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Mr. Spaceship

3.52  ·  Rating details ·  1,112 Ratings  ·  80 Reviews
A human brain-controlled spacecraft would mean mechanical perfection. This was accomplished, and something unforeseen: a strange entity called . . . Mr. Spaceship
Kindle Edition
Published (first published 1953)
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Bill  Kerwin

Seven years before the coining of the word "cyborg," eight years before the publication of Anne McCaffrey's short story "The Ship Who Sang," Philip K. Dick published "Mr. Spaceship" in the magazine Imagination (1953). It tells the story of how, during a war with the planet of the "Yuks", a people who use highly sophisticated life-forms as weapons, a research team headed by engineer Philip Kramer attempts to craft a spaceship capable of comparable subtlety and maneuverability, a spaceship united
...more
Peter Derk
Apr 23, 2014 rated it liked it
Philip K. Dick.

The Pluses:
-Tons of great ideas.
-Still mined for movies on the regular.
-One of the better beards.

The Minuses:
-Prose a little weak.
-Dialogue downright tough.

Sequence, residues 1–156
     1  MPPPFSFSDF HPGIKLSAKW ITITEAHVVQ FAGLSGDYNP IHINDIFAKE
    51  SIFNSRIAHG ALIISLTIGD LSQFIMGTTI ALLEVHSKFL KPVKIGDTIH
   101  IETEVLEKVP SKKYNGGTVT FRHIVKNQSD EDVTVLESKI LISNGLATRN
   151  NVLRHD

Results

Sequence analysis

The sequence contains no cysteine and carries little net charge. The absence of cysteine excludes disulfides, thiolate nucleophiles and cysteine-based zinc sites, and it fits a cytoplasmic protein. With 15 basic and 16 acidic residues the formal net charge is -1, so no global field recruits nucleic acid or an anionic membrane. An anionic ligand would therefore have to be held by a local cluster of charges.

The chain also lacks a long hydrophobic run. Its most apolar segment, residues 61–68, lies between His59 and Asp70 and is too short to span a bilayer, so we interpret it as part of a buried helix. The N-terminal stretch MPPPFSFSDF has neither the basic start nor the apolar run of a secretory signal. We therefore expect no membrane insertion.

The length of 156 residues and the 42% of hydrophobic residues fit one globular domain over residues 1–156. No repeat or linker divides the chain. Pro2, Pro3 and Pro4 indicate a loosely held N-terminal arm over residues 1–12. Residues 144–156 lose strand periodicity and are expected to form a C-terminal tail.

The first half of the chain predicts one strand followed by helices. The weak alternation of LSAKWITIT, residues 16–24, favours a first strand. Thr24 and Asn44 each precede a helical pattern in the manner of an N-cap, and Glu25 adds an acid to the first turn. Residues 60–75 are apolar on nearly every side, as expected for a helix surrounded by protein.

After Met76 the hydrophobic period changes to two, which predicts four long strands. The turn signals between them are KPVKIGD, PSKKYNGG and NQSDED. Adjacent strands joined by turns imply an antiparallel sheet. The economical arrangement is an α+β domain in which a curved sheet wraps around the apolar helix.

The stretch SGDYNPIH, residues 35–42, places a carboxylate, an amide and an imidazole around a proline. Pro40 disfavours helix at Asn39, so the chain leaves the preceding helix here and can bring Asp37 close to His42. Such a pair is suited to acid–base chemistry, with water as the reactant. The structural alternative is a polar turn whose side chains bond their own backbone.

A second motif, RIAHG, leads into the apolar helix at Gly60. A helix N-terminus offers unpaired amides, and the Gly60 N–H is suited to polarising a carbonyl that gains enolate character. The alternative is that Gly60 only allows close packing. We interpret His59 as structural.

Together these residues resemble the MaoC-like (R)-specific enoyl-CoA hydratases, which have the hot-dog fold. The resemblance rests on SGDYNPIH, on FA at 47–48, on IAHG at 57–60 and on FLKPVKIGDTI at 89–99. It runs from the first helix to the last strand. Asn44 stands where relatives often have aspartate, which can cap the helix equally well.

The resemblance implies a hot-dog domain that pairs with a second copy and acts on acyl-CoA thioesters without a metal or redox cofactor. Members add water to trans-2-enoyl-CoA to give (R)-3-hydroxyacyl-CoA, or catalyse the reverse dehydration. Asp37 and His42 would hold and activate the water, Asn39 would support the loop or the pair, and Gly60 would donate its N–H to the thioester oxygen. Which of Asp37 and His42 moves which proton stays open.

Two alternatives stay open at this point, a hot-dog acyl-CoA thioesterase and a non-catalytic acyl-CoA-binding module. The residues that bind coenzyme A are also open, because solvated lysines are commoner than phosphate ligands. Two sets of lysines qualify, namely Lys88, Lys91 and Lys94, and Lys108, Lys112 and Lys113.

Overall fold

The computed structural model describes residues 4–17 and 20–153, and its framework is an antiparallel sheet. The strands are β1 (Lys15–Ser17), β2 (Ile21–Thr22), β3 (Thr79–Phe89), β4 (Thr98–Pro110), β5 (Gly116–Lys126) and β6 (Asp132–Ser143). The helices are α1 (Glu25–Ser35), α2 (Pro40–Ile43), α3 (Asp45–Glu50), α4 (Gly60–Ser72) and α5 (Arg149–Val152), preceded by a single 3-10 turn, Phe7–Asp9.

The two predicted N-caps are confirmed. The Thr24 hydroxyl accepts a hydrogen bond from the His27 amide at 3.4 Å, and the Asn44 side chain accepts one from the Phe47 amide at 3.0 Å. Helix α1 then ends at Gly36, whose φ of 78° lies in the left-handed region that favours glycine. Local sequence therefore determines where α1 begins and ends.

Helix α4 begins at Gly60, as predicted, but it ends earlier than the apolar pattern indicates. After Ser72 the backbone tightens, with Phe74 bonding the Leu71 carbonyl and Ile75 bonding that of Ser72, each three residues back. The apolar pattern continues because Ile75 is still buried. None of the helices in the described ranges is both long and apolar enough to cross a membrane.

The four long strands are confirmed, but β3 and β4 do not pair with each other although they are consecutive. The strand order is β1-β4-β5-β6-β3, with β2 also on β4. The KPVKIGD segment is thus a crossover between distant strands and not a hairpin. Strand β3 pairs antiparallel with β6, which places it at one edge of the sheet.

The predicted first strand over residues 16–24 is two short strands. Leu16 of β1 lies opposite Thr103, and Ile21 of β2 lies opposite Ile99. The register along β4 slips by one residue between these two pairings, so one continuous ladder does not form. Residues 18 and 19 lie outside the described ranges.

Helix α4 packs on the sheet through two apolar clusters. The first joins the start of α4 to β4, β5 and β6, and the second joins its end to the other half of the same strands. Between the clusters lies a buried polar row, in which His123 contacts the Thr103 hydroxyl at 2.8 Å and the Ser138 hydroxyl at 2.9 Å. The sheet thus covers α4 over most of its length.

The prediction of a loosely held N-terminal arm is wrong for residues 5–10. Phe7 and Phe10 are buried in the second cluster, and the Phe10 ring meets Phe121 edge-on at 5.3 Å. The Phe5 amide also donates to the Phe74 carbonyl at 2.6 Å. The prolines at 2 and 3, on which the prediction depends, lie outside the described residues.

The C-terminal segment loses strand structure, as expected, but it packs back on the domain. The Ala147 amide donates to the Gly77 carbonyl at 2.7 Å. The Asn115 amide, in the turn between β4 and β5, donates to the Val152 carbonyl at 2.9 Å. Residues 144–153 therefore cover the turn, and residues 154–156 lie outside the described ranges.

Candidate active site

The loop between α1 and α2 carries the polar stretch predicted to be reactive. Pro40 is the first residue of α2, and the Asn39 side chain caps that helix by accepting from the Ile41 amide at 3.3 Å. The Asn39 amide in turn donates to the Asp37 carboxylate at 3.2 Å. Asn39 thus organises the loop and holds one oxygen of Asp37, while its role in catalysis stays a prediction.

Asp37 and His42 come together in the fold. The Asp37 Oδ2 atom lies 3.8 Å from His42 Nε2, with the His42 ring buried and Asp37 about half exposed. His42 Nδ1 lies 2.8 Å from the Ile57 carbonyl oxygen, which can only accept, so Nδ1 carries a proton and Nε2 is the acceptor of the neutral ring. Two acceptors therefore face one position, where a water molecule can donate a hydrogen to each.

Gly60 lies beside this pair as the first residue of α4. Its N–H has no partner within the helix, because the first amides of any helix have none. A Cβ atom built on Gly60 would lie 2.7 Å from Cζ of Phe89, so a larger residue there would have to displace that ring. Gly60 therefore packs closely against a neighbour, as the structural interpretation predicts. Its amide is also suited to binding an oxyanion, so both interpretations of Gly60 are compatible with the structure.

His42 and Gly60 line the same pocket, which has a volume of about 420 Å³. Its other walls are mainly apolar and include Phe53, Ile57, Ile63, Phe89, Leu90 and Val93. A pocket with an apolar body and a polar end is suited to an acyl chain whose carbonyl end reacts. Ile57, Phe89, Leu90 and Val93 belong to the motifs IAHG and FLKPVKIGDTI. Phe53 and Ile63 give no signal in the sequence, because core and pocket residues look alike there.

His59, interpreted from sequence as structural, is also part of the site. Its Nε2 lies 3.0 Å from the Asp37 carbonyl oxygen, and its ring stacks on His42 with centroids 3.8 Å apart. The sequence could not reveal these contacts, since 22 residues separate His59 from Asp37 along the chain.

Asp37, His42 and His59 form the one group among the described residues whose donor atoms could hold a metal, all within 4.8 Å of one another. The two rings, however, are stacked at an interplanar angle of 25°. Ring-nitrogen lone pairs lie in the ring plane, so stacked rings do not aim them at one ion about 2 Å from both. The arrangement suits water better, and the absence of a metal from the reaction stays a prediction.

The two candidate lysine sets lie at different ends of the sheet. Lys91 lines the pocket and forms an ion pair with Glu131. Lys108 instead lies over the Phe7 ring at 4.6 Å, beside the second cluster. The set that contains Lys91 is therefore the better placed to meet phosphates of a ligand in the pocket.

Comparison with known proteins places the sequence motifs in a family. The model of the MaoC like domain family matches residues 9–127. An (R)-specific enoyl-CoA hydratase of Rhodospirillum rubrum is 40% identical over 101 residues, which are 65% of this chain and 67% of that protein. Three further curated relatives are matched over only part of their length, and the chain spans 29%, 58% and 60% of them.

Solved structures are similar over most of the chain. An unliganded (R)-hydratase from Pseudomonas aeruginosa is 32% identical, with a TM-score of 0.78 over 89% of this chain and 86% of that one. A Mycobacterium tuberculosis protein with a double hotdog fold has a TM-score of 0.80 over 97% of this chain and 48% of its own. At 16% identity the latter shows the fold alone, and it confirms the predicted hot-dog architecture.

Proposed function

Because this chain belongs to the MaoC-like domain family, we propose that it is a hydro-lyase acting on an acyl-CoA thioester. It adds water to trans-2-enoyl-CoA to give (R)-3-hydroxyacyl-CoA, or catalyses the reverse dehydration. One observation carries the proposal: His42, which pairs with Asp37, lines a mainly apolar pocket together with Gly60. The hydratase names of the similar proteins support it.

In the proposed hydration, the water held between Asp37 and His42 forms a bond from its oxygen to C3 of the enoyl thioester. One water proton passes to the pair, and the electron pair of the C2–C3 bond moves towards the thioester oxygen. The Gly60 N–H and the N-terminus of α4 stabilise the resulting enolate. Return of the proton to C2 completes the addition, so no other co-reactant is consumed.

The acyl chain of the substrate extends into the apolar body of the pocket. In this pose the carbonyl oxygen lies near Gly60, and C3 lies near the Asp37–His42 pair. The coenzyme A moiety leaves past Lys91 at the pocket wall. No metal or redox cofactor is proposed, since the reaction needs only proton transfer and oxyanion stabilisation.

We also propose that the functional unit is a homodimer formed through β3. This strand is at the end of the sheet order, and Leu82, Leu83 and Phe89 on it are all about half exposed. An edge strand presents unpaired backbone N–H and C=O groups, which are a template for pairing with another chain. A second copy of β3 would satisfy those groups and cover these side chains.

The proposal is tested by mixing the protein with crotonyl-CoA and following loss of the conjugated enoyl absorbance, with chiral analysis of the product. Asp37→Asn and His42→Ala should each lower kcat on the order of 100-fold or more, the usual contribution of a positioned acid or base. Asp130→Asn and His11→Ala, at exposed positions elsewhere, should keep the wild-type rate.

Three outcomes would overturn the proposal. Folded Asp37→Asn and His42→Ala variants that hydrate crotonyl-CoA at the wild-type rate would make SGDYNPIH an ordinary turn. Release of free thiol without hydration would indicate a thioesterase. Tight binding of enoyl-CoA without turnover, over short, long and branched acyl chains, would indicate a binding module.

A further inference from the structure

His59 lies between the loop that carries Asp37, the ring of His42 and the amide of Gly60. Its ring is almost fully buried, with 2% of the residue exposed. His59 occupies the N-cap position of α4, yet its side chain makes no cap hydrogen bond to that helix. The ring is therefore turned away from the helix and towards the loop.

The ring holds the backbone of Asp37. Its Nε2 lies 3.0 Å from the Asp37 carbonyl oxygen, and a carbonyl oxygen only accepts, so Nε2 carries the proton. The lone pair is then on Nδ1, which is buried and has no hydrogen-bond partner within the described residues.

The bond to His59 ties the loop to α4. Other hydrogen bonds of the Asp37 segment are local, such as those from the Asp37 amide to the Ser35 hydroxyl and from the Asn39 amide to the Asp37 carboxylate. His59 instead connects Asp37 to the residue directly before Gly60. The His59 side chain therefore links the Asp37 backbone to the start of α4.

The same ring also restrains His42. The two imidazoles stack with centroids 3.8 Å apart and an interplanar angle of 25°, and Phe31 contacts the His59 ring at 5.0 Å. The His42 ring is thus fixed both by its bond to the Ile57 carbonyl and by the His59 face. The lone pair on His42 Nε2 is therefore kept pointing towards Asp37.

I drove to PKD's grave not that long ago. It's an hour, maybe 90 minutes from my house. I took my brother's car because my own car wouldn't make it. Or, even worse, would make it and then not make it back, leaving me stranded in eastern Colorado where I'd have to find a new life either farming or working at the Dairy Queen. THE
...more
Michael
Apr 27, 2012 rated it really liked it
Recommends it for: SF Fans
This is one of those stories that is written in such a way that, although it seems simple, it captures your imagination right away. Not a lot of detail or description is necessary, because you fill them in yourself as you read; a sign that the storyteller is a true master.

The setting is an undetermined point in the future. Earth has made contact with aliens on a planet orbiting the nearby Proxima Centauri. However, these aliens are not friendly, and mankind is soon at war. We find we are at a di
...more
Tristram
Brain Teaser

Mr. Spaceship sounds like an avuncular enough title, but this short story, which was published in 1953 in the magazine “Imagination” – a title that does full justice to Philip K. Dick – is very unsettling and probably one of the first to feature the idea of cyborgs, i.e. hybridizing man and machine.

The inhabitants of Terra, i.e. we, are, once again, at war, this time with a species of extraterrestrials called the Yuk. Now, the Yuk are a culture in which technological progress is not
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Mike Walmsley